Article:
Earhart moved to Boston, where she continued to pursue the world of aviation. She joined the American Aeronautical Society and became the vice president of the Boston chapter. She piloted the first flight out of Dennison Airport in 1927.
That same year, Charles Lindbergh flew solo across the Atlantic Ocean, the first human being to achieve the feat. A pilot named Amy Guest desired to be the first woman to cross the ocean but decided the trip was too perilous for herself (she was already 54 years old). Instead, she sought a younger woman to take the challenge. Earhart fit the bill perfectly. Though she did not fly the plane due to a lack of training on the specific model, Amelia became the first woman to fly across the Atlantic Ocean on 17 June 1928. She and her team – Wilmer Stultz and Louis Gordon – left Newfoundland and arrived in Wales in 20 hours and 40 minutes. Earhart later wrote, “Stultz did all the flying—had to. I was just baggage, like a sack of potatoes…maybe someday I’ll try it alone.”
When they arrived home, the squad received a ticker-tape parade in New York City and met Calvin Coolidge in the White House. Amelia Earhart was a rising superstar in the United States.
The press anointed her Lady Lindy, after her resemblance to Lindbergh and his transatlantic flight, and Queen of the Air. Earhart went on a lecture tour, wrote a book, and garnered a plethora of endorsements. She began to design clothing and promote the styles. Cosmopolitan Magazine hired her as an assistant editor, where she used the platform to promote aviation, especially for young women. Many of the early airline routes owe a debt to Earhart’s campaigning.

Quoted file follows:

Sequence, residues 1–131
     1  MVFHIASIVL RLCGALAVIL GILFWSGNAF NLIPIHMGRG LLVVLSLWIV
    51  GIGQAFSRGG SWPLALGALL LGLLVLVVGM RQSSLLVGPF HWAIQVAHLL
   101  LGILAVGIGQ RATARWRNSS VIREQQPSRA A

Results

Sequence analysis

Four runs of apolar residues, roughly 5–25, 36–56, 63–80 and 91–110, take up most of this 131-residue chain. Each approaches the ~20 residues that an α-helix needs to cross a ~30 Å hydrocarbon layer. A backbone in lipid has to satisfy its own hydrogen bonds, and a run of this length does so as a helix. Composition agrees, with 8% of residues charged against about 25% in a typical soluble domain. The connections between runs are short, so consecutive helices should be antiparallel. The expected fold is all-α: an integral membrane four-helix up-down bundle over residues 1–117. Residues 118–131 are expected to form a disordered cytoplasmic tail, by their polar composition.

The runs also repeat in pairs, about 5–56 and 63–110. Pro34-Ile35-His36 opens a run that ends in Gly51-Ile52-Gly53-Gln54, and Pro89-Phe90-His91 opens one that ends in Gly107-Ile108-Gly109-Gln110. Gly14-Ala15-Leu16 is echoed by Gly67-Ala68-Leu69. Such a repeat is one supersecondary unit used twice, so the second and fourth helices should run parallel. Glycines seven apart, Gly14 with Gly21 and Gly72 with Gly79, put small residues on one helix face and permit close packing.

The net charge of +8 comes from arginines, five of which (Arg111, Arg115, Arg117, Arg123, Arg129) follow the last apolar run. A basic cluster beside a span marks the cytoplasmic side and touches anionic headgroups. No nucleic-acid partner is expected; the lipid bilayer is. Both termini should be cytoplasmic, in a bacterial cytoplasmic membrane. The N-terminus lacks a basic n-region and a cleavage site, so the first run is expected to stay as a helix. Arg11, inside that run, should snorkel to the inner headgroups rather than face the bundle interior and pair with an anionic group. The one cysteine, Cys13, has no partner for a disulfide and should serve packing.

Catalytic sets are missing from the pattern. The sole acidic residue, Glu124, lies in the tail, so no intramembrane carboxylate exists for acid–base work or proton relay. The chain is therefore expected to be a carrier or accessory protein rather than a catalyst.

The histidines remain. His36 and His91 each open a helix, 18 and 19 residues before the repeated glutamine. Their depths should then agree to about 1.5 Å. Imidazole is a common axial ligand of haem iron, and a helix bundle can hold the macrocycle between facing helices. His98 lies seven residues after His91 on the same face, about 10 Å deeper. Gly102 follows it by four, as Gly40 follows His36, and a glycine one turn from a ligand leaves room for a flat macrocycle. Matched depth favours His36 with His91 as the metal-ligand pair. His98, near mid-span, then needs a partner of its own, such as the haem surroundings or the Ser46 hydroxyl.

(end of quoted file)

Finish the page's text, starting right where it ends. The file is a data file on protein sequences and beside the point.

And, of course, she continued in the air. In 1928, Amelia was the first woman to fly solo across North America and back. She competed in cross-country races. She lobbied the National Aeronautic Association and the Fédération Aéronautique Internationale to recognize women’s records. She joined and became the first president of the Ninety-Nines, an organization of women pilots who sought to promote the pastime to girls and to support women in aviation.
All these happenings were a prelude to 1932. Considering herself mere baggage on the first transatlantic flight, Earhart set out to become the first woman to cross it solo. Once again departing Newfoundland, Earhart aimed to land in Paris to replicate the course of Lindbergh. 14 hours and 56 minutes in, however, mechanical problems and conditions forced her to land in a pasture in what is now Northern Ireland. Irish farmhand Dan McCallon watched a grease-stained face emerge from the plane. “I couldn’t tell whether it was a man or woman,” he said. “But when I asked, ‘Have you flown far?’ ‘From America,’ she answered, all calm like.’ I was stunned and didn’t know what to say.”
Her fame grew to monumental proportions. Congress bestowed her with the Distinguished Flying Cross. National Geographic presented her with their Gold Medal, delivered by Herbert Hoover. Even the French government honored her, giving her the Cross of Knight of the Legion of Honor. She befriended Eleanor Roosevelt, taking the future First Lady flying.
She continued to wrack up impressive solo flight records. Moving to California, she began a flying school. Earhart could have retired onto the beach before the age of 40. But the flying frontier still called to her.
She wanted to fly around the world.
The mission to circumnavigate the globe started ominously unwell. Going east to west, the first leg was from Hawaii to Howland Island, in the middle of the Pacific Ocean. Before Earhart and her two navigators could take off, a tire blew on the airplane. Damage to the craft scuttled this attempt.